We had to write a program that would perform rotation of elements in an array. The array size was entered by user, so it had to be in a sense, dynamic.

Rotation or Circular Shifting

Initial Array: 1 3 7 4 8 6 5 2 9

Shift by: 4

Final Array: 6 5 2 9 1 3 7 4 8

Notice, in rotation, each elements position increased by shift amount. Also, elements in the end came to the front.

My Try

I used an approach in which I had to create a new array of size = shift amount. This array stored the shift no. of elements in the end of array. Now I shifted all the elements in the beginning of array by shift amount. In the end, I copied the elements of shift sized array to beginning of original array.

I tried to use minimum memory possible so only used shift sized array. I and keep it a bit fast (shift%=n statement to reduce inefficiency if shift >= n).

// Rotation

#include <iostream>

int main() {

    int n;
    std::cout << "Array size: ";
    std::cin >> n;
    int* list = new int[n];

    std::cout << "Enter elements:\n";
    for( int i = 0; i < n; ++i) {
        std::cin >> list[i];

    int shift;
    std::cout << "Shift amount: ";
    std::cin >> shift;

    shift %= n; // to reduce work if shift > n
    int* temp = new int[shift];

    for( int i = n-shift; i < n ; ++i) {
        temp[i-n+shift] = list[i];

    for( int i = n-1; i >= shift; --i) {
        list[i] = list[i-shift];

    for( int i = 0; i < shift; ++i) {
        list[i] = temp[i];

    delete [] temp;

    // Printing
    for( int i = 0; i < n; ++i) {
        std::cout << list[i] << "  ";

    delete [] list;


My question is that all the optimization that i was able to make were a bit obvious and natural. I wanted to know if there was a significant algorithmic, or memory optimization possible for this problem.


I know there's a function std::rotate available from algorithm, but we had to solve this problem on our own.


3 Answers 3


I see some things that may help you improve your program.

Separate I/O from calculations

The program has three basic phases. First, it gets input, then it manipulates that input, and then it produces output. I would recommend putting the rotation code into a separate function.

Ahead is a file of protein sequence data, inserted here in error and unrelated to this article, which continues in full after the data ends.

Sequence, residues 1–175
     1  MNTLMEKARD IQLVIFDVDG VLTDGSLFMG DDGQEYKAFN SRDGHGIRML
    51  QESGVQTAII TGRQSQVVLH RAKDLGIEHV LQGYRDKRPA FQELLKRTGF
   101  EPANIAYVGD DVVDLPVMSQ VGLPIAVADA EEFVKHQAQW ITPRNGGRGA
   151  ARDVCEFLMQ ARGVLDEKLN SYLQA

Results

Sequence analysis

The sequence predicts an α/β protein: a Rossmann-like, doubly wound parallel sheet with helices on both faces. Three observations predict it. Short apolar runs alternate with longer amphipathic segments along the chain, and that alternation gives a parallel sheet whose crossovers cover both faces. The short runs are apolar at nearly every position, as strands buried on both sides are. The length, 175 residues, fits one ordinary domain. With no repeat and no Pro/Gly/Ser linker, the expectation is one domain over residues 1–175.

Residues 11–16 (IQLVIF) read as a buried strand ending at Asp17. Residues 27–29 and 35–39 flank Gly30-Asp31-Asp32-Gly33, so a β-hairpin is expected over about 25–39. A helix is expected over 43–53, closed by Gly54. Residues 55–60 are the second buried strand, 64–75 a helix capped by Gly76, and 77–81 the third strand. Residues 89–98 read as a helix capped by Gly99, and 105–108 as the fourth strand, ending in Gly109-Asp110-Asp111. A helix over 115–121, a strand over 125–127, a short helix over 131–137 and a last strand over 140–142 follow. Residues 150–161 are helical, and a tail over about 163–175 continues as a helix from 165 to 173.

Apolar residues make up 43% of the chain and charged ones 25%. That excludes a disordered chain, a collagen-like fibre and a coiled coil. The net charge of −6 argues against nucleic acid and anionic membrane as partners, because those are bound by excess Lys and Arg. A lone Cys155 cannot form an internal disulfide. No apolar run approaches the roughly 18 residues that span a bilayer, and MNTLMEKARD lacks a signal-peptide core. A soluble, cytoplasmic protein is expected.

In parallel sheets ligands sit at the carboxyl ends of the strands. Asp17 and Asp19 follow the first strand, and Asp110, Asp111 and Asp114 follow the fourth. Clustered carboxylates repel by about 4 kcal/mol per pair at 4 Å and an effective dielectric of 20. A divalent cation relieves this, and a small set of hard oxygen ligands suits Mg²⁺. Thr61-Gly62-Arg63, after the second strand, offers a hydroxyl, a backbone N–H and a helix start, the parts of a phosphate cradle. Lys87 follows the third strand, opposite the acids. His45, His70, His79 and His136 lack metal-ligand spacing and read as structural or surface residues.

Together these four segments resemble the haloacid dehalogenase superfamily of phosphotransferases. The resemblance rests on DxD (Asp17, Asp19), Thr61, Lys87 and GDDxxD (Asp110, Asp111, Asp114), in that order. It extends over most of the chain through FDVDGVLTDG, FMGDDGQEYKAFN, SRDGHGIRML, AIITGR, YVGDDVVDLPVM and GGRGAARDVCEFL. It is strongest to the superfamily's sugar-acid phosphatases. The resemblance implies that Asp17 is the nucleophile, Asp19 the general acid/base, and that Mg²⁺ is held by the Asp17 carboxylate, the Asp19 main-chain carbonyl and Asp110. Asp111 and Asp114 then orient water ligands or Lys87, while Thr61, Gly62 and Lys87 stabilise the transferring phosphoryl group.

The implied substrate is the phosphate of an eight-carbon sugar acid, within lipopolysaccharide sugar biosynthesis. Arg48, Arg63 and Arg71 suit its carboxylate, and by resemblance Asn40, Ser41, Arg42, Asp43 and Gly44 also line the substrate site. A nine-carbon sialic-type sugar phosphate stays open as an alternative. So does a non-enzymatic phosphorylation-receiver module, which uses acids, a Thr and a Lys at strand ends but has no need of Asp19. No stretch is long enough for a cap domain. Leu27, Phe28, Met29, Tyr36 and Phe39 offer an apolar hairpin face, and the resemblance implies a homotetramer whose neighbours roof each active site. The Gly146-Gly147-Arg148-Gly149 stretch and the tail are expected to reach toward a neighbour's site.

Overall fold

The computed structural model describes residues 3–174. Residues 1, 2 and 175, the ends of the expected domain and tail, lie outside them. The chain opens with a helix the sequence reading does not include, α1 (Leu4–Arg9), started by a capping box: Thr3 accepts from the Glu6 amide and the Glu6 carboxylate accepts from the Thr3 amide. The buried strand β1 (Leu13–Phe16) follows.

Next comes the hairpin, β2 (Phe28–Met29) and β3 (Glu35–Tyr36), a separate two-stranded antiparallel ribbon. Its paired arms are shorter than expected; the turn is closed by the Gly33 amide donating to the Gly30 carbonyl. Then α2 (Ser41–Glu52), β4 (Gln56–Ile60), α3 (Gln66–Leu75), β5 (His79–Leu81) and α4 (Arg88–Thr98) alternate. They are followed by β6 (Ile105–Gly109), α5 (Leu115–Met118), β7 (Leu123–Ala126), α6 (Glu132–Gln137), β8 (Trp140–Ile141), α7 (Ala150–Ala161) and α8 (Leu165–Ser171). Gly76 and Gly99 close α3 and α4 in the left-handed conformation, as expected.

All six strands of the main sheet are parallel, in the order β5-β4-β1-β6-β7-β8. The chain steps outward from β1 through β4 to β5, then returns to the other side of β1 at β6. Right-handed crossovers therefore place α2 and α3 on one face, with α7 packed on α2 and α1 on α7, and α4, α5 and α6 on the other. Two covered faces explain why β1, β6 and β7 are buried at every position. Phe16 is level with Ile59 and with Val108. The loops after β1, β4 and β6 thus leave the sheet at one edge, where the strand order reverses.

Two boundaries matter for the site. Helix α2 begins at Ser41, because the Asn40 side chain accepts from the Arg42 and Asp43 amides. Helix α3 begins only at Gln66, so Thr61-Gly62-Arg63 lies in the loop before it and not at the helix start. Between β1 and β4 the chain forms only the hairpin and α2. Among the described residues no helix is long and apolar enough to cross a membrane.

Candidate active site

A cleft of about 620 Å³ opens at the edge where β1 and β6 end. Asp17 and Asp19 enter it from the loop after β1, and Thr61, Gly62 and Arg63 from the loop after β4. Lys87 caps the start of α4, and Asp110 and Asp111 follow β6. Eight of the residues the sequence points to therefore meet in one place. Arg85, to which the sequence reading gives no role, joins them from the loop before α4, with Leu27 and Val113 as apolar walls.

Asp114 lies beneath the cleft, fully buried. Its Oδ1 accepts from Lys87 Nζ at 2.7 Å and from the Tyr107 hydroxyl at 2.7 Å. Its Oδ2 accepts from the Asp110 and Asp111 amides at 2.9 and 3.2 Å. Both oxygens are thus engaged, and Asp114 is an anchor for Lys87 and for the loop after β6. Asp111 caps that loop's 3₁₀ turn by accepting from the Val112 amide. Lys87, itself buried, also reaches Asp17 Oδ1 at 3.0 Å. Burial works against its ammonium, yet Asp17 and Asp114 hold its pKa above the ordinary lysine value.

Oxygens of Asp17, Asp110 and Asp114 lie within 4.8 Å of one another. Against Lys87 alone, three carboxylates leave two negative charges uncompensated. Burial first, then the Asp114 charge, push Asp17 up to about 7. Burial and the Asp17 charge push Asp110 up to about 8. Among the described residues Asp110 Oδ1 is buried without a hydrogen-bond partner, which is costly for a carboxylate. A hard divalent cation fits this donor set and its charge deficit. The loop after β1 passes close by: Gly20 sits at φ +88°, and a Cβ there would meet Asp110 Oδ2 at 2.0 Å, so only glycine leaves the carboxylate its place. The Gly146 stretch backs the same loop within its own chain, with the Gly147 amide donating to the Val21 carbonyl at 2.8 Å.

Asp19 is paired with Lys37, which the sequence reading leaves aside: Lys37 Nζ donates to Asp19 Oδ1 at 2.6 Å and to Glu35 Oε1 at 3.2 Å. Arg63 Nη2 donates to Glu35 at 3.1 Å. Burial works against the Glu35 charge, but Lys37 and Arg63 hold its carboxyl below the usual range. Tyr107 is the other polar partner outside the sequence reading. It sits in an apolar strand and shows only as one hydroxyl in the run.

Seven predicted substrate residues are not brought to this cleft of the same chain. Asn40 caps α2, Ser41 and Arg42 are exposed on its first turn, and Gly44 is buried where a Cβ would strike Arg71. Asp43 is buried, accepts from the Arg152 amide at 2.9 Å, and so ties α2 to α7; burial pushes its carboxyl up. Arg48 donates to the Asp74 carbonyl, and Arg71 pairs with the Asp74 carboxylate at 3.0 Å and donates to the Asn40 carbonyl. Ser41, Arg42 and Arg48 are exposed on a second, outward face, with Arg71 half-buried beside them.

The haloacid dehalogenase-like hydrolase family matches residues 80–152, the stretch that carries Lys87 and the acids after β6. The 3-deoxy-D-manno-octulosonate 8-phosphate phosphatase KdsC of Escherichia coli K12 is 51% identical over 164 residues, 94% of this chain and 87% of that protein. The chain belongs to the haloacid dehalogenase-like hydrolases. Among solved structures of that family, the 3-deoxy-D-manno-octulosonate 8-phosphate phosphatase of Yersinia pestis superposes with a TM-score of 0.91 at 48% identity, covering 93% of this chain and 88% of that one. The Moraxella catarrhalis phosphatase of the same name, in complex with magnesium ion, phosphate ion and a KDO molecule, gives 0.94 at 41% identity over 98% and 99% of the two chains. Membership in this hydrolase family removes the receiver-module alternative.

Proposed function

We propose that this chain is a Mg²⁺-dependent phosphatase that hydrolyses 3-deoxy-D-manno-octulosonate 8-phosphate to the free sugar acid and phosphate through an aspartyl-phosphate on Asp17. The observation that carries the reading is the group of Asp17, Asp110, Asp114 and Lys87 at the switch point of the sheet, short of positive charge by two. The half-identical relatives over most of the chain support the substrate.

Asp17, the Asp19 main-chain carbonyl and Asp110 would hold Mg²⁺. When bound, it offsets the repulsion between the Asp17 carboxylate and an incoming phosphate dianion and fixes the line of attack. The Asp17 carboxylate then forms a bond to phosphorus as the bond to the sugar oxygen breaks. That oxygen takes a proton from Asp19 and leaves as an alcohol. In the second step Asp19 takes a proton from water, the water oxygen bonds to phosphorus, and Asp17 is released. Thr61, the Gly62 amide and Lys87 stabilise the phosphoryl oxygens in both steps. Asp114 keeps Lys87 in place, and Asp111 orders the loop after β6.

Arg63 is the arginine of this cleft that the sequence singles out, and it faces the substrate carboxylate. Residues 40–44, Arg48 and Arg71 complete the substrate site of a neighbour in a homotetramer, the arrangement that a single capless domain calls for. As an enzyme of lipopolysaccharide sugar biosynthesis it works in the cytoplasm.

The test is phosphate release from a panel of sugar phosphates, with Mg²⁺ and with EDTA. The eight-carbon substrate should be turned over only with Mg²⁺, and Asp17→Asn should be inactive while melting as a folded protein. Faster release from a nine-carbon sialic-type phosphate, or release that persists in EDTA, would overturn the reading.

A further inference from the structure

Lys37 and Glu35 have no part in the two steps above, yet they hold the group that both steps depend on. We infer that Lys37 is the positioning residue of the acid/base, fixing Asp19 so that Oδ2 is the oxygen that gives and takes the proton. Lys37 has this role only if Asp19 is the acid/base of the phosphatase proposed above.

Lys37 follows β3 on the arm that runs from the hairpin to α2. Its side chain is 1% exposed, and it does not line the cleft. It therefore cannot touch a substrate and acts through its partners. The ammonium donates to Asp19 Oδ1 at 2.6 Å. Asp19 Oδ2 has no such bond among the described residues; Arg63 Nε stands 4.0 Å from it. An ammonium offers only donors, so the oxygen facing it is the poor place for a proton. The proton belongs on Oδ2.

Consider signed vs. unsigned

Does it make sense to have a negative array size? Does it make sense to have a negative shift value? I'd answer "no" to the first and "yes" to the second question. For that reason, I'd recommend making n a size_t or unsigned type and also adding code to handle negative rotations.

Rethink your algorithm

The code currently creates a temporary array, but all that's really needed is a single temporary int. Here's one way to do it:

unsigned gcd(unsigned a, unsigned b) {
    return b == 0 ? a : gcd(b, a % b);
void rotate(unsigned n, int shift, int *list) 
    if (shift < 0) {
        shift = n -(-shift % n);
    } else {
        shift %= n;
    if (shift == 0) {
    for (unsigned cycles = gcd(n, shift); cycles; --cycles) {
        unsigned i = 0;
        unsigned nexti = n-shift;
        for (int temp=list[nexti+cycles-1]; nexti; i = nexti) {
            nexti = i+shift;
            if (nexti >= n) {
                nexti -= n;
            std::swap(temp, list[i+cycles-1]);

Worked example

This is probably easier to understand with an example. Let's start with a simple array or length 7 = { 0, 1, 2, 3, 4, 5, 6} and a requested shift amount of 4. When the for loop starts we have this:

step 0

step 1

step 2

step 3

step 4

step 5

step 6

  • \$\begingroup\$ This algorithm terminates after rotating a single orbit generated by shift. To rotate the whole array, the loop must be repeated for all orbits, gcd(n, shift) times total. \$\endgroup\$